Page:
Buying a car is funny old thing, especially if you’re buying from a private seller.
They don’t quite have the ‘weeeey, cheeky chompy geeza’ smarts as Mr. Brewer. In fact, half the time, they don’t really like talking to people. But still, these people up and down the country decide to become a car sales person. After all, how hard can it be?
Very, actually. But the private seller is a savvy beast. He or she will have heard the lingo form other amateur sellers, or maybe from Mike ‘Jesus, that jacket is awful’ Brewer on the actual telly. So they wedge these sayings in the ad, thinking they will be the juicy worm that hides the hook of a sale. Or some other angling metaphor.
In the case of a dealer, such statements can’t be made. Trading standards would have a thing or two to say about it (though yes, plenty still fib). The private seller isn’t as bound, so they just throw them in willy nilly. Just like the five gems we’ve selected here…
“Careful lady owner…”
Before you go all Germaine Greer on us, let us qualify why this statement is nonsense. One’s ability to be careful has nothing to do with your gender. Hell, it has nothing to do with your species. It could have been owned by a barn owl, and that barn owl could have been more careful than Sarah. Mainly because barn owls cant reach the clutch. But we digress.
Gender has nothing to do with it. It doesn’t need to be specified. Specify the caring nature of the owner by all means, but don’t think that adding in a bra means it’s a good thing. We’ve known guys who were fastidiously neat and tidy, we’ve known women who should probably wash more, and visa versa. It’s not a selling point.
“One owner from new…”
What a classic. So you’re looking at a ten year-old Clio, and you’re drawn in by the fact it’s only had one owner. That HAS to be a good thing, right? Well, no, actually. What if that owner was a stunt driver? Or liked to drive in squirrels? Or liked to pick his or her nose and wipe it on the underside of the seat? Or maybe that ‘one owner’ had a baby, and the baby once threw up in the car. And as we all know, that’s a write off.
One owner is not a steadfast good thing. A car can have many owners, and all of them could have loved the car. Our 20 year-old Saab has had over ten owners, and it’s still going strong.
“Full Service History…”
Now this one is important. When you’re handing you hard-earned cash over to a seller, you want to be sure that the car has a decent history. And that’s the operative word there, decent. If it’s been serviced by Thick Dave down the road, who’s ‘qualified’ because he got a Halfords Professional socket set for Christmas, it’s no good. Even if he has scribbled a tick in the service book.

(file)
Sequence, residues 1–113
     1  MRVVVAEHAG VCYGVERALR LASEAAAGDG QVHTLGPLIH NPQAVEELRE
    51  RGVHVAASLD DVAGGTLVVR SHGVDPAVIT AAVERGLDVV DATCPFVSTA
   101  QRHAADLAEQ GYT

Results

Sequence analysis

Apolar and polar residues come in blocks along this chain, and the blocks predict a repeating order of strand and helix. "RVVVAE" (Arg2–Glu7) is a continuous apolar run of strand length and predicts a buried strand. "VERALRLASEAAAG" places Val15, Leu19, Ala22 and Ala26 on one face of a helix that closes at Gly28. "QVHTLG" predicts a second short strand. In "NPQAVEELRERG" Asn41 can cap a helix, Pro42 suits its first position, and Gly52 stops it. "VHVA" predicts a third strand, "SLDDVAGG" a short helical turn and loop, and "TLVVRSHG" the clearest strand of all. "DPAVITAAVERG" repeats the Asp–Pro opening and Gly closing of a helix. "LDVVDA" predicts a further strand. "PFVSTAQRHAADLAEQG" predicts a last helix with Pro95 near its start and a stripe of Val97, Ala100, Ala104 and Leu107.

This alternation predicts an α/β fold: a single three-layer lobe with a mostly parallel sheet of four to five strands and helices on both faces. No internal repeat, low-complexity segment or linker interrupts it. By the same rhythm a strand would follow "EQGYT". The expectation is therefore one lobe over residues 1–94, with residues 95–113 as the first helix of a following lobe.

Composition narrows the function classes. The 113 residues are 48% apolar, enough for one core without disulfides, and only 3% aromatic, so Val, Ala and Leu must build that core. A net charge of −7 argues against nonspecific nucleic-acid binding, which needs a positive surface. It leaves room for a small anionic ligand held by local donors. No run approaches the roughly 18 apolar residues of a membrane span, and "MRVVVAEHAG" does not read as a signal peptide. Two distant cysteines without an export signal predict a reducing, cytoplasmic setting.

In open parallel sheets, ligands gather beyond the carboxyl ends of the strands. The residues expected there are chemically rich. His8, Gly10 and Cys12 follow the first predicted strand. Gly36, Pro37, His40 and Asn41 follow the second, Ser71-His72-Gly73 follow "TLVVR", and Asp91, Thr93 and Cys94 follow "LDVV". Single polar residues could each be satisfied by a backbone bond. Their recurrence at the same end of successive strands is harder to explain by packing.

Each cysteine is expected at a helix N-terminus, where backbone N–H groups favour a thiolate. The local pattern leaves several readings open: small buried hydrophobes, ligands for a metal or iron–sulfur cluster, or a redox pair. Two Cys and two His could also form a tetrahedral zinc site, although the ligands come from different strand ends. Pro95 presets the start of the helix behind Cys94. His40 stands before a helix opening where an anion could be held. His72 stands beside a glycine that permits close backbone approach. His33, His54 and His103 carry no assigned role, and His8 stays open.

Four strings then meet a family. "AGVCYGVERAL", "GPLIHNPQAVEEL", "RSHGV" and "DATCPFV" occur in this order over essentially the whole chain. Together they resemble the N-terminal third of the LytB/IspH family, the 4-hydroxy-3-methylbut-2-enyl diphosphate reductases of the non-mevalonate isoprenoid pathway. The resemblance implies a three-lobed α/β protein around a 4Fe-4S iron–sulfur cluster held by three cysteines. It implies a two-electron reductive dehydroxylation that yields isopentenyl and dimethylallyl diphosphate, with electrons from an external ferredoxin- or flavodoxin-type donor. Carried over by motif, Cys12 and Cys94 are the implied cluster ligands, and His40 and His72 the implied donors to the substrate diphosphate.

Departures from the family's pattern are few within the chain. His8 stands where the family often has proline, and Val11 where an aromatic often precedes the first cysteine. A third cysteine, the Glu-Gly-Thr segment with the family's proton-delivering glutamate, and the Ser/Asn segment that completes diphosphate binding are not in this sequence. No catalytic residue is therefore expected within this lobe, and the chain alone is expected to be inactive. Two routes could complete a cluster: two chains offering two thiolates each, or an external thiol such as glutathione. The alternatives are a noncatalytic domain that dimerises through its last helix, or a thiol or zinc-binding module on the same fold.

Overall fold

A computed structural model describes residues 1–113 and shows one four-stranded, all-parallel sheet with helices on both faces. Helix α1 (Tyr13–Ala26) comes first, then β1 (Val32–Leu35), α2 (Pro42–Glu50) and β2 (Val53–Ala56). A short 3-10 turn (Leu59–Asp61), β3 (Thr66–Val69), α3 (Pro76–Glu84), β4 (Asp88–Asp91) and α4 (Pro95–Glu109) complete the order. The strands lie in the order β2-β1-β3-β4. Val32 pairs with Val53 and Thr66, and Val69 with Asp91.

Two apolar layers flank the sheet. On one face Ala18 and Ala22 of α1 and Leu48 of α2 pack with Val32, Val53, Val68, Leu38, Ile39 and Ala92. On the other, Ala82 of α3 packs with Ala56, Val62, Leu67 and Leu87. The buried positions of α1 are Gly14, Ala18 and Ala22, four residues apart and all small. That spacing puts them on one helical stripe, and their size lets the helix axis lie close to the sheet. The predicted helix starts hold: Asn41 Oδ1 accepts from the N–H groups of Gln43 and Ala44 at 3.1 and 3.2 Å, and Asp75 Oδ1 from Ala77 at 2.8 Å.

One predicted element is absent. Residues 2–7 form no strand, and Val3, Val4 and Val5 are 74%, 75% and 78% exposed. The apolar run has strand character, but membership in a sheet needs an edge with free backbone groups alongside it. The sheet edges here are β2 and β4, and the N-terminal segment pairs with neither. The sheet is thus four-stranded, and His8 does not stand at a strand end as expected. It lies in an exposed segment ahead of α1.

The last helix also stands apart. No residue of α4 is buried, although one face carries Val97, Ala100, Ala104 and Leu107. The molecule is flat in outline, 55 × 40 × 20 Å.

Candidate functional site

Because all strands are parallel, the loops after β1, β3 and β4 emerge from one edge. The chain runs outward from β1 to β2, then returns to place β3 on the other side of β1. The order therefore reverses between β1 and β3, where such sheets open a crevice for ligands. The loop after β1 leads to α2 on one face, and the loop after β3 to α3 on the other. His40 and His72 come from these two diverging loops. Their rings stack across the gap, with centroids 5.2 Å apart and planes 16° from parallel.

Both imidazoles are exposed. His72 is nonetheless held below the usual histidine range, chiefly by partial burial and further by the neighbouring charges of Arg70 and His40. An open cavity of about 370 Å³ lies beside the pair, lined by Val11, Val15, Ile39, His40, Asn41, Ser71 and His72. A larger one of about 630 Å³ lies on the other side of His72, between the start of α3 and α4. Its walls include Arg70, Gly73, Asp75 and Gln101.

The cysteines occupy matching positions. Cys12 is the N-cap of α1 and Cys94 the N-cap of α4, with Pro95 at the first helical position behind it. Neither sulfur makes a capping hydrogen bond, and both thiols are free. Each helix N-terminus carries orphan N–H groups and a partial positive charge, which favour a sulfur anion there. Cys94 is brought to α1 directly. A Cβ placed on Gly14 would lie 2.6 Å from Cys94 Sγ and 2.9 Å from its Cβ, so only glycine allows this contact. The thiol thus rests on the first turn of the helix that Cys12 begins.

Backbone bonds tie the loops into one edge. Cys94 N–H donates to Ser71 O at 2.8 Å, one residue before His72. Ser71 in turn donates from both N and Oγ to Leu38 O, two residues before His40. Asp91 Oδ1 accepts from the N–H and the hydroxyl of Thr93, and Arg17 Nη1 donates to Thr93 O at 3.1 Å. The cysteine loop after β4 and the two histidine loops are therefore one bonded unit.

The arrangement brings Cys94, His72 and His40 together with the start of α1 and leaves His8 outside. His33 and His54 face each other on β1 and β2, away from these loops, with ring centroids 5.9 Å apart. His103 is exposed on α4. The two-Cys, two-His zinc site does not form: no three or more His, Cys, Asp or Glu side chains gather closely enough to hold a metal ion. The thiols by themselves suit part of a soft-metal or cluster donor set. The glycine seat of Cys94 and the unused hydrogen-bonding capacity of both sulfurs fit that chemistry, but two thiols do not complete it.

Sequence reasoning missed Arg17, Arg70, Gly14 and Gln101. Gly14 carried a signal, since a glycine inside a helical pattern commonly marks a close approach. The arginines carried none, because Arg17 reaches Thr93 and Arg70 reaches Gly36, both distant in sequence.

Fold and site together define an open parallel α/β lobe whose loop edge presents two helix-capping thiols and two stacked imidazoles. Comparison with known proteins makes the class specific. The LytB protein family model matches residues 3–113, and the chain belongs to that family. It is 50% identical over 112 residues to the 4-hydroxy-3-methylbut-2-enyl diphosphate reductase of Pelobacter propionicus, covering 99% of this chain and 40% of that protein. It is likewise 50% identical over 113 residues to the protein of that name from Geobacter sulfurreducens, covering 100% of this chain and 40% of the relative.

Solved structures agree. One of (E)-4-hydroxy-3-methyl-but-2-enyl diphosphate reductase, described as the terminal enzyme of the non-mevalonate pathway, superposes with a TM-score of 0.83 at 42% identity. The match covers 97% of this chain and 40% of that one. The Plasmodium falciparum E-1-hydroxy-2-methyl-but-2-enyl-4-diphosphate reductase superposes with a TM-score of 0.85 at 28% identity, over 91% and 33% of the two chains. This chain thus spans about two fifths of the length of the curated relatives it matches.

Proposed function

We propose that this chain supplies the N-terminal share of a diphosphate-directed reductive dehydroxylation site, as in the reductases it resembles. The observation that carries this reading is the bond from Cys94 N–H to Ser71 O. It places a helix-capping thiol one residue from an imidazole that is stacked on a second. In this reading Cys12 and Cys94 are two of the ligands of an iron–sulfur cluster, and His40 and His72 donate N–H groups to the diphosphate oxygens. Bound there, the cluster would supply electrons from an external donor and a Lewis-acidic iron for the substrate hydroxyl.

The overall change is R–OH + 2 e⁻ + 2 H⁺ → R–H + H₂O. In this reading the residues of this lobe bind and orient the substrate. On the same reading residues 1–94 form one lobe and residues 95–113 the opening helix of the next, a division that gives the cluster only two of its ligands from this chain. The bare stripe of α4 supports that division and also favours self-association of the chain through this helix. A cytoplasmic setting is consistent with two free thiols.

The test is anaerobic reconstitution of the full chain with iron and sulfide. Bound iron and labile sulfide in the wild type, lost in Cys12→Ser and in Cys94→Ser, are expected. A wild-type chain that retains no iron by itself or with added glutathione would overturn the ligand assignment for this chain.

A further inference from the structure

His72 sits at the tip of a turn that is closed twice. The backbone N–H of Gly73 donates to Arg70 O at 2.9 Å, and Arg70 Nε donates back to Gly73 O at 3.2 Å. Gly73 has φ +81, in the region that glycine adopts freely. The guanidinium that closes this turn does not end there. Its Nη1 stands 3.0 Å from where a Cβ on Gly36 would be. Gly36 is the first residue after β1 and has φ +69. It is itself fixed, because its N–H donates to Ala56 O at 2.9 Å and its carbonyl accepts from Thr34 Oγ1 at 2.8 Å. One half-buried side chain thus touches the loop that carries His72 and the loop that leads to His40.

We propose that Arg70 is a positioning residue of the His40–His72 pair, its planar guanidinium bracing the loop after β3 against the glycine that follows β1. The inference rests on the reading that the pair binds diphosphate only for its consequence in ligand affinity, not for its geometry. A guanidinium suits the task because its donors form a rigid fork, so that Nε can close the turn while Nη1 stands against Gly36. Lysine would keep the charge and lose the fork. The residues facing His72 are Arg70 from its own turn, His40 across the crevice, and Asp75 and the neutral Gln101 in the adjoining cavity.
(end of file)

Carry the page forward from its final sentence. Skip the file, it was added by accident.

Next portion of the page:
Dave’s work is probably okay in reality, but Dave’s scrawl in a book has little value when compared to a book with dated stamps from a reputable garage or dealer. Along with receipts for parts and labour. It’s those bits where the ‘full’ comes from. Full Service History is something to declare with pride, not patch together from scraps of paper in your glove-box. So if that’s what your seller produces, give them a wide birth.
“First to see will buy…”
Why? Why will the first person to see this car, buy it? It’s a stupid phrase. Maybe we’re just too damn cynical these days, but if we see that in an ad, it gives us the rage. By all means declare that the car is a gem, or one of the best, but don’t be so bold as to assume that we will take leave of our senses and empty our pockets the very moment our eyeballs point at whatever sub-par heap you’re selling.
There’s also the other possibility. The one where it’s such an old nail, such an unforgivable dog, that they will do anything short of giving it away to make the first person buy it. Rare, but it happens. We’ve been there.
Bollocks. Don’t care. Low mileage cars are seen to be the holy grail of used motors. Why? A car is not a Faberge Egg. It is a car, and by its very nature, it’s meant to move. If it doesn’t move, things cease up, seals perish, fluids settle, parts corrode. It is not a good thing. A car not moving is like a steak not eaten, a pint not drunk, it’s living a life in contradiction of the very purpose of its creation.
Lower than average is fine, but if it’s silly low, just walk away. We bought a W202 Mercedes-Benz that had 27k on the clock. We thought we’d won the motoring lottery. We hadn’t though, because as soon as it was put to use – the normal use a car should expect – it died. Then when we fixed it, it died again. Nuh uh. Ignore.
The one with 175k on it is a better bet, as long as it’s not been serviced by Dave.